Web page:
Suspect in bloodbath obsessed with guns, immigrants
The Norwegian police on Saturday charged a man they identified as a right-wing fundamentalist in connection with a bombing in central Oslo and a shooting attack on a nearby island that killed at least 92 people.
As stunned Norwegians grappled with the deadliest attack in the country since World War II and a shocking case of homegrown terrorism, a portrait began to emerge of the suspect, Anders Behring Breivik, 32, as a gun-loving, highly religious Norwegian obsessed with what he saw as the threat of multiculturalism and Muslim immigration to the cultural and patriotic values of his country.
“We are not sure whether he was alone or had help,” a police official, Roger Andresen, said at a televised news conference. “What we know is that he is right-wing and a Christian fundamentalist.”
The horror of the attack on a political summer camp on Utoya Island, a remarkably meticulous attack on Norway’s current and future political elite, also came into focus Saturday as witnesses told their stories. It was an hour of hell that left at least 85 people dead, some as young as 16.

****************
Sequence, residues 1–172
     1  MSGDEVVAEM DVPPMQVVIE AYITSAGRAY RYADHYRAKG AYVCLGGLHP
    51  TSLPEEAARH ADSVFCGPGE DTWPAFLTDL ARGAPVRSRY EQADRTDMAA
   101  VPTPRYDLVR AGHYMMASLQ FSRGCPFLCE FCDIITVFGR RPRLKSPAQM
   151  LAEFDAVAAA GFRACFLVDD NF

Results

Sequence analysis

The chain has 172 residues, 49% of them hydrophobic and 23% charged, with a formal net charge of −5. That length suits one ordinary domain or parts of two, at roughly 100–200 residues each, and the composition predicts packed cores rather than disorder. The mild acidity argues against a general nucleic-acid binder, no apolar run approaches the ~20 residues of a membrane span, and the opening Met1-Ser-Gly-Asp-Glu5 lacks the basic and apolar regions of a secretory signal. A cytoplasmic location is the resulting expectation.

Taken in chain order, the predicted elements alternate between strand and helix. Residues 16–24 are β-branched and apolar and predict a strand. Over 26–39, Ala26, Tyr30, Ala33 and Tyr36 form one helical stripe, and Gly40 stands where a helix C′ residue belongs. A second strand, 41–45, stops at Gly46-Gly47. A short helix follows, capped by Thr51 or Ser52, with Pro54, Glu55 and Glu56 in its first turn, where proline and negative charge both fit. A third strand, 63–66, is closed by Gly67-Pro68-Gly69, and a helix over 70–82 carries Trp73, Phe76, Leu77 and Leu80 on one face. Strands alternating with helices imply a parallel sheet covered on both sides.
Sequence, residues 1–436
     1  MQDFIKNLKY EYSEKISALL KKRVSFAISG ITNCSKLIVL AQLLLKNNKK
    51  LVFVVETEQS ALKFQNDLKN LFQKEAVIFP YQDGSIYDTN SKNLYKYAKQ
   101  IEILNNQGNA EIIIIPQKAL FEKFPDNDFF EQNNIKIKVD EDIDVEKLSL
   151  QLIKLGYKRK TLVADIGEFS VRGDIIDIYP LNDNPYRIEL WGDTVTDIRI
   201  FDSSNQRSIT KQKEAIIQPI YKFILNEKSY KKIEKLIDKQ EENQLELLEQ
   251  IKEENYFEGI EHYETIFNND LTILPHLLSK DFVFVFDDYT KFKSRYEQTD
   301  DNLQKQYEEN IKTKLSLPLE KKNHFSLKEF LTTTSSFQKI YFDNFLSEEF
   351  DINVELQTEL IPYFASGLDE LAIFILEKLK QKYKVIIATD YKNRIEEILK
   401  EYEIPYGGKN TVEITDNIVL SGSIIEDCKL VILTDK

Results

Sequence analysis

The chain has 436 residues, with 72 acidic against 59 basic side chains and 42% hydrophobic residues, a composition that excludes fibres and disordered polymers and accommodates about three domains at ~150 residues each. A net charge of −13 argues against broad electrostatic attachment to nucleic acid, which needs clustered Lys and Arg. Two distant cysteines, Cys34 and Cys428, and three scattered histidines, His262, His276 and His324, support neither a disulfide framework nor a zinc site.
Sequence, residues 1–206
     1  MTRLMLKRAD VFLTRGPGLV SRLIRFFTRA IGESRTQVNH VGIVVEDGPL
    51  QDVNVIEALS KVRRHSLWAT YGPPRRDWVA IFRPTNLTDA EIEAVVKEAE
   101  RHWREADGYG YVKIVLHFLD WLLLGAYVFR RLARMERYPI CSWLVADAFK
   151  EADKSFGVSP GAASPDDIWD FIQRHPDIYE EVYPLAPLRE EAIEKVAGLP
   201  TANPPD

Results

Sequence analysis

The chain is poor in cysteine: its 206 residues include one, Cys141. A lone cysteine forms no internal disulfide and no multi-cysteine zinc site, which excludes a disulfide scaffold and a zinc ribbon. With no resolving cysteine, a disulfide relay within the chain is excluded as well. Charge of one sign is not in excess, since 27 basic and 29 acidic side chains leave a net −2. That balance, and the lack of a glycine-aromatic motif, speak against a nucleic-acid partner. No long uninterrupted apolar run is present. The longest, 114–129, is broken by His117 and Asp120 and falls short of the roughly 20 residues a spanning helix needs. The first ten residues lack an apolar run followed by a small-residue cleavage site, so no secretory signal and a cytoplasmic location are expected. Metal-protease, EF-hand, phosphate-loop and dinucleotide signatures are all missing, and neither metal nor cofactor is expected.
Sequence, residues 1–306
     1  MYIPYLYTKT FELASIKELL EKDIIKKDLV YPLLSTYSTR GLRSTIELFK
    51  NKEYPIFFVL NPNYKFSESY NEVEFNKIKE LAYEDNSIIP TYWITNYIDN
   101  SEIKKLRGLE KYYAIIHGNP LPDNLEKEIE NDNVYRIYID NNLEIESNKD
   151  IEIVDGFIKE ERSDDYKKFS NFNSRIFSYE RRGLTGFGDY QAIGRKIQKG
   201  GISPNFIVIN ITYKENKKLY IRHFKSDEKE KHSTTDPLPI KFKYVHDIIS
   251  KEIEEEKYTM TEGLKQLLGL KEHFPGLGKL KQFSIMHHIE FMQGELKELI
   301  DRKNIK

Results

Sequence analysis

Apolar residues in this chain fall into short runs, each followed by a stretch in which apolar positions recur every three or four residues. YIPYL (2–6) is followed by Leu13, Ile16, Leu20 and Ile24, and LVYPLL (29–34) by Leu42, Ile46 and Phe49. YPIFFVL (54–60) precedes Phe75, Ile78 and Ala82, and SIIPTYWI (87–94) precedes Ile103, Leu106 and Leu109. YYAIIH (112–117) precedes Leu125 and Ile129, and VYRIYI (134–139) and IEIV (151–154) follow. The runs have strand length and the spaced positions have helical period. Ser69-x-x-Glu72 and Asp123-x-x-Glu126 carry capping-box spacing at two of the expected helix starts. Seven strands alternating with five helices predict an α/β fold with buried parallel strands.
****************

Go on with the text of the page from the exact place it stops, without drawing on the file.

As soon as the shooting started, they said, people panicked, running in all directions, tumbling down the island’s rocky hill in an attempt to reach the sea. Even after many made it into the water, the gunman calmly and methodically shot at those who were swimming.
“People right behind me were shot,” said Helen Andreassen, 21, a political adviser for the Labor Party’s youth wing, which runs the camp each year. “I heard shots right behind me. He was standing just by the water, using his rifle, just taking his time, aiming and shooting. It was a slaughter of young children.”
Wearing a police uniform, the gunman at one point emerged from the forest and persuaded several youths who had sought refuge on the shore to come to him, said Stine Renate Haheim, 27, a Labor Party member of Parliament, who was also among those hiding.
Then he opened fire.